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Do Sugary Beverages Increase MS Severity? Does MS Worsen After Pregnancy? These and Other Studies to be Featured at Upcoming AAN Meeting

March 7, 2019

  • Intriguing study results related to diet, pregnancy, and many other research results will be presented at the upcoming American Academy of Neurology’s Annual Meeting in Philadelphia on May 4-10.
  • In-depth information about these studies will not be available until the investigators present their findings during the meeting.
  • The National MS Society will be providing reports summarizing significant results to be presented.
The Academy issued press releases this week highlighting two MS-related studies:
Sugary Beverages May Be Tied to MS Severity:  Dr. Elisa Meier-Gerdingh, MD (St. Josef Hospital, Bochum, Germany) and colleagues administered a questionnaire on diet to 135 people with MS, and compared participants’ diets to the Dietary Approaches to Stop Hypertension (DASH) diet, which recommends whole grains, fruits/vegetables, low-fat dairy products, lean meats, poultry, fish, nuts, and legumes and limits foods that are high in saturated fat and sugar. The team also measured participants’ level of disability using the standard EDSS disability scale.

According to the press release, overall, the study did not show a link between diet and disability, but did show a specific link between disability and the intake of sugar-sweetened beverages (e.g., sodas, flavored juices and sweetened teas and coffees). The study found that participants who consumed an average of 290 calories of these beverages per day were five times more likely to have severe disability than people who seldom drank sugar-sweetened beverages.

Because the study assessed participants’ diets at the same time as disability, it is unclear whether these beverages contribute to increased disability or whether more severe disability reduces the ability to maintain a healthy diet.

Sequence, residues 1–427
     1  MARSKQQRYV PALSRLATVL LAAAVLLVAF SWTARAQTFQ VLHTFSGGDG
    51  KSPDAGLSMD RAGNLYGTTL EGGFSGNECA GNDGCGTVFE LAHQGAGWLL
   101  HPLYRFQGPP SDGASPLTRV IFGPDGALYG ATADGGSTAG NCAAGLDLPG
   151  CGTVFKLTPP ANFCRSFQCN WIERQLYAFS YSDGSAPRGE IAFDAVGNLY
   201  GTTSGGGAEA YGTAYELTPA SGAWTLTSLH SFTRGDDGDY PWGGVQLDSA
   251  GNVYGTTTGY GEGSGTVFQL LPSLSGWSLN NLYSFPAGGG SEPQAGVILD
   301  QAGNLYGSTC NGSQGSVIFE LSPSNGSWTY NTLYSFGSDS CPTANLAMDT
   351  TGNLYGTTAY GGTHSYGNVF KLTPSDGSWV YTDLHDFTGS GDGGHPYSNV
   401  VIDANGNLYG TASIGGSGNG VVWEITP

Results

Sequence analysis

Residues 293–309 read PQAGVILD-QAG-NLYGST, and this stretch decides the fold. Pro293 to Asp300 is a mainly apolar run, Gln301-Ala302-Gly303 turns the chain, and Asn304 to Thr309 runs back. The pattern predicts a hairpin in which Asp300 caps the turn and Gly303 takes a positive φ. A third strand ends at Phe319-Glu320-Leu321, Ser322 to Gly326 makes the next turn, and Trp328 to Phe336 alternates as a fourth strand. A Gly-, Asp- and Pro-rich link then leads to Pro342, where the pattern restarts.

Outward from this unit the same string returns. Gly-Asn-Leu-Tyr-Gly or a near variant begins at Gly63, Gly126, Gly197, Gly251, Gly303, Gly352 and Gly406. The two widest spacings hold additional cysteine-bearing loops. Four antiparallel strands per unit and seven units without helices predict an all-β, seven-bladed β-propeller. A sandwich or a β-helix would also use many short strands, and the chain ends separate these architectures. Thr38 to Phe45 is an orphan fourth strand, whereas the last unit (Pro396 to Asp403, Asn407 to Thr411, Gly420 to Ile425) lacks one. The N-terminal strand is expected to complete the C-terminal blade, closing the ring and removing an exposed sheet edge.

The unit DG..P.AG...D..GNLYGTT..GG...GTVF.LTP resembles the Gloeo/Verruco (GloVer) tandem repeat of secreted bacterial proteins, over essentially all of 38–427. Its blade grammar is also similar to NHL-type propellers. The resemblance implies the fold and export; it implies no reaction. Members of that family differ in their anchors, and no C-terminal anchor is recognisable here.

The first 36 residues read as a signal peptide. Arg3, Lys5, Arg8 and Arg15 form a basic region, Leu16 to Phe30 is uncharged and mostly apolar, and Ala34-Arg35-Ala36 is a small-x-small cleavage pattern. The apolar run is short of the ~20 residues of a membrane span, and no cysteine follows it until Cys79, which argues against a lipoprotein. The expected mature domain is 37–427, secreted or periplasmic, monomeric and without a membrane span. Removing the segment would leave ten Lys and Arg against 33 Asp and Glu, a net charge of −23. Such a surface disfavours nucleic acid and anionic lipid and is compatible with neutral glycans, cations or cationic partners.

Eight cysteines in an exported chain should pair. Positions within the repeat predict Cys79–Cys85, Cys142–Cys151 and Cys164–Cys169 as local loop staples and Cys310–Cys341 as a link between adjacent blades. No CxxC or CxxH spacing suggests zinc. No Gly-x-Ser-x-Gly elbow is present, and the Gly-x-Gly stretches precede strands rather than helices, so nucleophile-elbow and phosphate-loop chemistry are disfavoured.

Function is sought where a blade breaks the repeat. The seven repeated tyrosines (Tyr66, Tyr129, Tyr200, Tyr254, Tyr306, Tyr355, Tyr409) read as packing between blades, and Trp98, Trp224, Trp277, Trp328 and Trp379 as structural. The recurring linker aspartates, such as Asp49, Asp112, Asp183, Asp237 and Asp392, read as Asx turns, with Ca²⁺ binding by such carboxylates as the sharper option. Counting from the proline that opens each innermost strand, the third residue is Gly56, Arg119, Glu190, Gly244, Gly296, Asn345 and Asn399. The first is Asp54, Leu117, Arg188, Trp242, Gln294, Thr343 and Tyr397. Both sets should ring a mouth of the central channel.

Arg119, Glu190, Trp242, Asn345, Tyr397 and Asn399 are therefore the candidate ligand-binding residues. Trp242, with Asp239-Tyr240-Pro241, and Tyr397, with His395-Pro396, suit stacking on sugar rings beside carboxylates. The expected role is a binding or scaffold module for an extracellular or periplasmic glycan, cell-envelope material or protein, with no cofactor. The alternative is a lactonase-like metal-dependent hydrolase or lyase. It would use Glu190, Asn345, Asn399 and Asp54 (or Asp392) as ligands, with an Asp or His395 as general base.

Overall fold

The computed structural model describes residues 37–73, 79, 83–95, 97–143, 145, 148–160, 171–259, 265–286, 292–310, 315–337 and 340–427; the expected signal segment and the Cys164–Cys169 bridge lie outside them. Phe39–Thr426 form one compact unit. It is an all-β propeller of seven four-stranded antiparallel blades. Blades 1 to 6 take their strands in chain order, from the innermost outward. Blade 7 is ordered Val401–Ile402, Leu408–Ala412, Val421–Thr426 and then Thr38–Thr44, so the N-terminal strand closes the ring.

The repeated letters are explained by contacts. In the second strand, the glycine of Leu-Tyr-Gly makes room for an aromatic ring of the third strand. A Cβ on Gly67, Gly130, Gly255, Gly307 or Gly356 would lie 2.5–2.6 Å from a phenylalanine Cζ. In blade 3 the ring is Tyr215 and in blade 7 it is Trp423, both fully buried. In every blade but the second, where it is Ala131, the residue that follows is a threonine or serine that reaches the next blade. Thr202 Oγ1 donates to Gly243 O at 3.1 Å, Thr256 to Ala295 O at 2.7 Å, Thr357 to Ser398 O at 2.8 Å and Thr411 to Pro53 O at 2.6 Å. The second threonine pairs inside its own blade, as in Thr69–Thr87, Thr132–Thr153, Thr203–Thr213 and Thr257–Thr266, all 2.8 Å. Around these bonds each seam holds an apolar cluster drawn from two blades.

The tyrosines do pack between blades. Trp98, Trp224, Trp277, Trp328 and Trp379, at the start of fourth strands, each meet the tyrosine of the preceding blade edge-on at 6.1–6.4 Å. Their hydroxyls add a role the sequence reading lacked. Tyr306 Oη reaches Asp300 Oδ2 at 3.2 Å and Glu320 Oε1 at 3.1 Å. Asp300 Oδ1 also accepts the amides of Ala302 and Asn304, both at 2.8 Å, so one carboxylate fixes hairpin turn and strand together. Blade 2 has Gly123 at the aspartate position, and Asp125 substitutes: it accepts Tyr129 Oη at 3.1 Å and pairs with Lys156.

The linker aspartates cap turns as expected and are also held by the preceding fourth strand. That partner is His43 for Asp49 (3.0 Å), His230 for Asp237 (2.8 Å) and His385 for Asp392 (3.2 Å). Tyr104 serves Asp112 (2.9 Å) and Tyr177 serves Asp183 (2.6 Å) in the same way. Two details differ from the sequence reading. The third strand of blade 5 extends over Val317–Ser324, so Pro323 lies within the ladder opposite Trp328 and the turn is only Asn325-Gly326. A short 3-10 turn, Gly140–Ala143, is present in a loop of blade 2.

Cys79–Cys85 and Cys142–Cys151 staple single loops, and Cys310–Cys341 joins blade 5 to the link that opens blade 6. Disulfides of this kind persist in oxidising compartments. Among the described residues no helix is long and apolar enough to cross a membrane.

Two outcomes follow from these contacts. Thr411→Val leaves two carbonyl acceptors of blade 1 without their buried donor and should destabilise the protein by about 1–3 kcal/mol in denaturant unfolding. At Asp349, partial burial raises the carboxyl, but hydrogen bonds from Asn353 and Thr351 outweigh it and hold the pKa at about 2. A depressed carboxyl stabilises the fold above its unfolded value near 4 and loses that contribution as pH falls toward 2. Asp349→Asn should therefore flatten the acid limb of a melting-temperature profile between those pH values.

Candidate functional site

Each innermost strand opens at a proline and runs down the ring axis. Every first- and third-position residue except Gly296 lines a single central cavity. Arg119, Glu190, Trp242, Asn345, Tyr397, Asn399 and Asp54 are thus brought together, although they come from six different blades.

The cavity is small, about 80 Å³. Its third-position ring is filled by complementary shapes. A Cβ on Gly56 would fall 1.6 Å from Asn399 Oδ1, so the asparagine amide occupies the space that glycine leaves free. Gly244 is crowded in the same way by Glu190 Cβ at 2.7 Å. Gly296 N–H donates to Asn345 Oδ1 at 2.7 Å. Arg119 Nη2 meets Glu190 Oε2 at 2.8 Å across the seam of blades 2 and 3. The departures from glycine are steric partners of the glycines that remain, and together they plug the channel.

Pregnancy and relapse: Dr. Annette Langer-Gould (Kaiser Permanente Southern California) and a team funded by the National MS Society reviewed the records from Kaiser Permanente Southern and Northern California databases and identified 466 pregnancies which occurred in 375 women with MS. They surveyed the women about treatment, breastfeeding and relapses.

According to the press release, the study showed that relapse rates fell during pregnancy (as previously established by other studies), then increased afterward, but not to pre-pregnancy levels until four to six months after birth. Women who breastfed exclusively (i.e., the child received only breast milk for at least two months) were 40% less likely to have a relapse than women who did not breastfeed or who supplemented breast milk with formula within two months after delivery. Of women who breastfed exclusively, 46 out of 167 resumed their MS treatment (most commonly interferon-betas and glatiramer acetate) while breastfeeding.

Fewer participants were treated with natalizumab or fingolimod before pregnancy, so the study does not address the risks of stopping these drugs in order to get pregnant or of breastfeeding while taking these medications.

Read more about wellness/lifestyle research in MS

Read more about risk factors and who gets MS

About Multiple Sclerosis

Multiple sclerosis is an unpredictable disease of the central nervous system. Currently there is no cure. Symptoms vary from person to person and may include disabling fatigue, mobility challenges, cognitive changes, and vision issues. An estimated 1 million people live with MS in the United States. Early diagnosis and treatment are critical to minimize disability. Significant progress is being made to achieve a world free of MS.

About the National Multiple Sclerosis Society

The National MS Society, founded in 1946, is the global leader of a growing movement dedicated to creating a world free of MS. The Society funds cutting-edge research for a cure, drives change through advocacy and provides programs and services to help people affected by MS live their best lives. Connect to learn more and get involved:, Facebook, X, formerly known as Twitter, Instagram, YouTube or 1-800-344-4867.


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